When I meet Mullah Mchungu recently, the guy’s smile almost blinds me. But then I gather that the dazzle is not a smile at all, rather, they are bright, white, brand-new, ill-fitting dentures he dons, hurting my eyes. We have been in touch by phone, the Mullah and I, since I last met him in Dar, all shriveled up and about to kick the bucket. The accursed free WhatsApp makes it possible for the Mullah to call and torment me at will, at odd hours of the day, regardless if it is in the middle of the night. For me. But he looks okay now, seated like an emperor, with his servant helper fussing around him, adjusting the wheelchair this way and that.
I am provided a hot cup of tea and some piping hot (elchi free, thank God) vitumbua bought fresh from the street corner downstairs moments ago from a MamaNtilia. I try to make small talk and ask the Mullah about his health, but he waves at me impatiently, his dentures grinning at me as he adjusts to them by regularly sucking in air sharply.
You don’t have to be polite, Kisukaali, it’s not important how I am or feel. I a setting light, running out of my time fast. You really do not want to hear about my personal problems, nor care for that matter. I survive with this wheelchair and this faithful man; he waves towards the servant, who is a mother to me. My daughter pays my few bills and makes sure I don’t starve, bless her. She made these silly dentures possible since I cannot chew with my constantly infected gums anymore. My khabees son Aliraza wants nothing to do with me any longer, except a sallam over the phone now and then. I miss my grandchildren in Florida however.
He is right; I don’t want to get involved in his private business. But I do care. That is why I am here, to see him, to ask about him. Apart from his eccentricities, normal for anybody his age, the Mullah is a decent human being, with surprisingly acute and insightful mind and paradigms. But I keep my trap shut. It’s simpler that way. I am about to take the last morsel of the delicious kitumbua when the Mullah suddenly demands:
How did you find Vinay Khetia, the visiting zakir at your HIC center at Sanford this year?
Jeez! Not again! I’ve had nothing but pain in my rear end since Blogging that Sheykh Khetia’s time management sucks. Is this guy going to give me grief as well? But it’s hard to tell with the constant grin on his face, making me unsure if he is genuinely happy or his new teeth playing tricks on me.
He was okay, I guess, I say cautiously, non-committal. I am being honest. I found the guy genuinely committed to his new religion but his lectures I found to be dry and awfully long.
You are like a bloody teenager, Kisukaali. Restless and impatient. I know you had not so nice words to say about Khetia’s time discipline. Yes, I heard him on the Internet. Yes, the time he spoke was very long, but that is not a very big deal. HIC management is to blame. They could have easily fixed it by politely but firmly telling the Sheikh not to cross the limits. But don’t take away the excellent points he had regarding the Shia world and how much we take Imam Hussein’s supreme sacrifice and Muharram as a ritual, by the Khoja beraadars in particular. His pointed reminder about at least five of our Imams born off Black women was very telling. And timely. And brave.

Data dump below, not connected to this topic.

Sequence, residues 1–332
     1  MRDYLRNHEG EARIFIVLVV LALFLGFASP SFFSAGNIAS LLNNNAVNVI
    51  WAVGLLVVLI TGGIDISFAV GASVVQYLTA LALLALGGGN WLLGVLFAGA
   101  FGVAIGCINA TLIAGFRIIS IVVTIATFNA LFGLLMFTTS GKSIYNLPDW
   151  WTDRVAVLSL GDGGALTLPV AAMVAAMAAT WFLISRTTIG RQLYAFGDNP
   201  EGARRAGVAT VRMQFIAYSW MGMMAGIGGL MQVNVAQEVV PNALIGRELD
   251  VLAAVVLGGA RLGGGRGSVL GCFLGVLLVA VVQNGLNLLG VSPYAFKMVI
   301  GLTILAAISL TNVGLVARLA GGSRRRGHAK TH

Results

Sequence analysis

Mullah Mchungu nods his hoary head wearily, the crooked grin of his teeth making him look like some goofy comic character on Saturday mornings kids TV shows.
As I pointed out to you last year, Imam Hussein was sent in as a reformer, standing for justice. Period. The Imam told us in clear terms – I am going to Kerbala for the reform of my grandfather’s religion. The religion of the Prophet, tainted and corrupted by the forces in power then. Here is a man whose mission, annually, gives us a chance for self-reform, become humans that Allah wants us to be and atone for our evil ways…and we turn it around into a circus.
Again, I want to be non-committal. This is an area that has been much discussed and dissected, with very little progress. And much ill will, resentment and disunity. My personal opinions match with the old man’s, but it is better to remain quiet now.
Chicken as usual, nai, Kisukaali? Fine, keep your trap shut. But hear me out. Khetia should come and lecture us here in Dar. He points at his servant, sitting on a hardback chair, quietly watching us converse. That is Ally, you’ve met him before. The guy is old enough to be your father. Has been with me thirty-five plus years. Fiercely loyal and one hundred percent honest. But to most of us Khoja’s, he is a Black man, a Gaggo. Unworthy of respect. Just because he was born Black and poor. He was never given the opportunity of an education, nor did his parents leave him a business to take over.
So we keep him at arms length. He is our brethren, but with separate rights and standing within our fraternity. Because he is a Black man. Just as five of our holy Imams were. Including our current Imam. Go ponder on what I say, Kisukaali. And Blog about It. If you have the courage.
I do. As usual, I leave Mullah Mchungu’s drab apartment disturbed, my mind full of swarming dudus that stay on for a long time afterward.
Note: Due to a technical snag, Sohails Photoblog of Afghanistan will resume in 2 weeks.